Home Criminal Defense Liberty and Conscience—For All Seasons – Douglas B. Rasmussen

Liberty and Conscience—For All Seasons – Douglas B. Rasmussen


Eleanor Everett Schneider’s glorious and measured evaluation, “A Wolf For All Seasons,” of Hilary Mantel’s Wolf Hall trilogy obtained me to desirous about why I liked immensely Robert Bolt’s 1960 play, A Man For All Seasons. I notice that Bolt was not doing historical past, and positively by the requirements of our time, there have been issues that the historic Thomas More politically advocated, and certainly practiced, that should be morally rejected. However, all this being stated, and despite our present woke world, I discover the character of Thomas More as offered by Bolt transferring and philosophically essential.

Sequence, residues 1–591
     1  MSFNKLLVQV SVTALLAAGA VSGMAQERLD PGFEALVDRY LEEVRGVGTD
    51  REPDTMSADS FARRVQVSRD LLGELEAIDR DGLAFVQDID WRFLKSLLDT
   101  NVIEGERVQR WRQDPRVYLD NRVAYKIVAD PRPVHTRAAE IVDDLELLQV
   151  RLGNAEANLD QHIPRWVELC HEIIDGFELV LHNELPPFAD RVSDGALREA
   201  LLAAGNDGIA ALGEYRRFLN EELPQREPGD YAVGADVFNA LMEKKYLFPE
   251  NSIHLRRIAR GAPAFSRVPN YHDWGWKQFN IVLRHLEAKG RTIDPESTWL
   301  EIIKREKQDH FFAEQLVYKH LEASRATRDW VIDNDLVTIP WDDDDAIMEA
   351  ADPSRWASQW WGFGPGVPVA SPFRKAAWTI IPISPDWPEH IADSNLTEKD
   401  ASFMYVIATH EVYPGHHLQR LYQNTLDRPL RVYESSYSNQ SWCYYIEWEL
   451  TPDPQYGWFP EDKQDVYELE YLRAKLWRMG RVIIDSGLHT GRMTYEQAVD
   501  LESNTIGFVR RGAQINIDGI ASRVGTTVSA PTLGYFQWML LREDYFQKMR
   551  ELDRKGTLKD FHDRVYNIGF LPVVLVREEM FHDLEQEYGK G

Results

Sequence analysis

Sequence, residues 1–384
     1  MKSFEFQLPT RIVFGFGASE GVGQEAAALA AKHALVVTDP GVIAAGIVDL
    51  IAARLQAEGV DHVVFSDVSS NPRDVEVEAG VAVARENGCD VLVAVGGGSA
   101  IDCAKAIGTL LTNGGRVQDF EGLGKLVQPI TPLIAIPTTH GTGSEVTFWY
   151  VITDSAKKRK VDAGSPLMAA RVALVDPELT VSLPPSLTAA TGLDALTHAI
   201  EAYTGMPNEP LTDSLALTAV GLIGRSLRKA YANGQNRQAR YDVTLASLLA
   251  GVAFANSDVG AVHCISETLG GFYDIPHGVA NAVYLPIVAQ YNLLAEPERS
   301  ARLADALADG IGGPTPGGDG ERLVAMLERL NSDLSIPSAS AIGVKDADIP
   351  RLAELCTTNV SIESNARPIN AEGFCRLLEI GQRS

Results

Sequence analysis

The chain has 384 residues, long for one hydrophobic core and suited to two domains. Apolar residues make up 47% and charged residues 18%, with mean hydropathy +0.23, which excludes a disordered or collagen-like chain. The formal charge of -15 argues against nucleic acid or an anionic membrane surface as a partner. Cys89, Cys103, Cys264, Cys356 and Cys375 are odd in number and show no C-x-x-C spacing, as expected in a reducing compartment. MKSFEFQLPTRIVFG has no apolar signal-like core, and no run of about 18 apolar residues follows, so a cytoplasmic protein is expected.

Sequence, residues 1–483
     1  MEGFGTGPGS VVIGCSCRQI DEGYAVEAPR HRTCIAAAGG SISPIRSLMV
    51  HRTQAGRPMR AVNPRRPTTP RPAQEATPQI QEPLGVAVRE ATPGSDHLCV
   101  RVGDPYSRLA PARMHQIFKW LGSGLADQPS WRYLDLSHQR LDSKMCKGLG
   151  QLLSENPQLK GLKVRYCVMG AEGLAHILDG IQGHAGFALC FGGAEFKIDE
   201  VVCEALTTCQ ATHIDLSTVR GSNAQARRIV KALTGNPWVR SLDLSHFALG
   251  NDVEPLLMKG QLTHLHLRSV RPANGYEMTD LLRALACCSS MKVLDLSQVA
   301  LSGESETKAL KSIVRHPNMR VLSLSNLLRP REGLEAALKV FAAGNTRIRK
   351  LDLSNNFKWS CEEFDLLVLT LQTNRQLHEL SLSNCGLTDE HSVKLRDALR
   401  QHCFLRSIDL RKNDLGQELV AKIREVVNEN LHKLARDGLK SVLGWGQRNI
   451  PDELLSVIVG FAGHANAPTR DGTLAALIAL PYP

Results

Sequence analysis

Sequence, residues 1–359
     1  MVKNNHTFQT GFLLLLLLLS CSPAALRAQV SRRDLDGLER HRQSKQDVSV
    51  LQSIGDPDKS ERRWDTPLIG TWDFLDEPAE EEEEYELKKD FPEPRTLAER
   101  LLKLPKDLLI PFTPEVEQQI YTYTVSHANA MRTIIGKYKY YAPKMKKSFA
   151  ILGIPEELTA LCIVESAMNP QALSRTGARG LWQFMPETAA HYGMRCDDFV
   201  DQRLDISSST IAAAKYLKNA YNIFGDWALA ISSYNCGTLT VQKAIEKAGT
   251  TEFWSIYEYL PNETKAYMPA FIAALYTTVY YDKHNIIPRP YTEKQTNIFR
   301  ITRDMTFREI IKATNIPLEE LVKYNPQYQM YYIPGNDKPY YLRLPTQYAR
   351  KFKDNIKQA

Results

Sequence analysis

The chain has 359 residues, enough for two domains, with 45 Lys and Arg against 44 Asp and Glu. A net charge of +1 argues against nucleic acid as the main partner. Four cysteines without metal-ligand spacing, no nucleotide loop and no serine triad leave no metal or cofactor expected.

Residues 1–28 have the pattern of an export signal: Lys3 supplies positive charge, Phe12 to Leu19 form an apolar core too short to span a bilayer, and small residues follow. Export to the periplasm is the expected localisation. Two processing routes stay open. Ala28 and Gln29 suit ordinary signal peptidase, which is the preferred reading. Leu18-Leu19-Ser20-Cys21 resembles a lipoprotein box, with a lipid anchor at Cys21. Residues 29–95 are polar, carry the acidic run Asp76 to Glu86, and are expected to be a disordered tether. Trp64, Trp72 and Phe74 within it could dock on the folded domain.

To start with, as Robert Bolt notes within the preface to his play, the Thomas More he wrote about was a person

with an adamantine sense of his own self. He knew what place he started and left off, what space of himself he may yield to the encroachments of his enemies, and what to the encroachments of these he liked immensely. It was a considerable space in each instances, for he had a correct sense of worry and was a busy lover. Since he was a intelligent man and an incredible lawyer he was in a position to retire from these areas in splendidly good order, however at size he was requested to retreat from that ultimate space what place he situated his self. And there this supple, humorous, unassuming and complicated individual set like steel, was overtaken by a completely primitive rigor, and will no extra be budged than a cliff.